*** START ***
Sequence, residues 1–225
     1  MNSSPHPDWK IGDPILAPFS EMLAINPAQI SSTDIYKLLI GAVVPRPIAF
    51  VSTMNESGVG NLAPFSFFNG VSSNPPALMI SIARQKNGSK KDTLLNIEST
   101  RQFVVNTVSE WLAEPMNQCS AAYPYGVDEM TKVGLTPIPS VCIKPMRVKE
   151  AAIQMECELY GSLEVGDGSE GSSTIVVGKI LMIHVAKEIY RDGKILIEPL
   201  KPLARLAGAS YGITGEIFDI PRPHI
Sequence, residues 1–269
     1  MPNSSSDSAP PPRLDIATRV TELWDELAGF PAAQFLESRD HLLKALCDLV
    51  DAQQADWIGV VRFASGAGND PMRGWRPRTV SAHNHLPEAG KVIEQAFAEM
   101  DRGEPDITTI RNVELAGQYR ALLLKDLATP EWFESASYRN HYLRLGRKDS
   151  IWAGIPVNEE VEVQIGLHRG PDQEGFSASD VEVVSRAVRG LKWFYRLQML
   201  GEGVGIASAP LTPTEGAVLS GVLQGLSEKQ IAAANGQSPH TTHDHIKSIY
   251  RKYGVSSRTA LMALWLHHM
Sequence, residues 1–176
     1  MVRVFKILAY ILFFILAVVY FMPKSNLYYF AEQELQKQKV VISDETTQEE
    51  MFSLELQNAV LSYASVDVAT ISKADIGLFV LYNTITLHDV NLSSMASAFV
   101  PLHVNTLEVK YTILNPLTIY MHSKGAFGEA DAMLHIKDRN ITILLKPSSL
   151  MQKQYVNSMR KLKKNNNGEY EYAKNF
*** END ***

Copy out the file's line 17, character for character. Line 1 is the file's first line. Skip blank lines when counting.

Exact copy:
   101  PLHVNTLEVK YTILNPLTIY MHSKGAFGEA DAMLHIKDRN ITILLKPSSL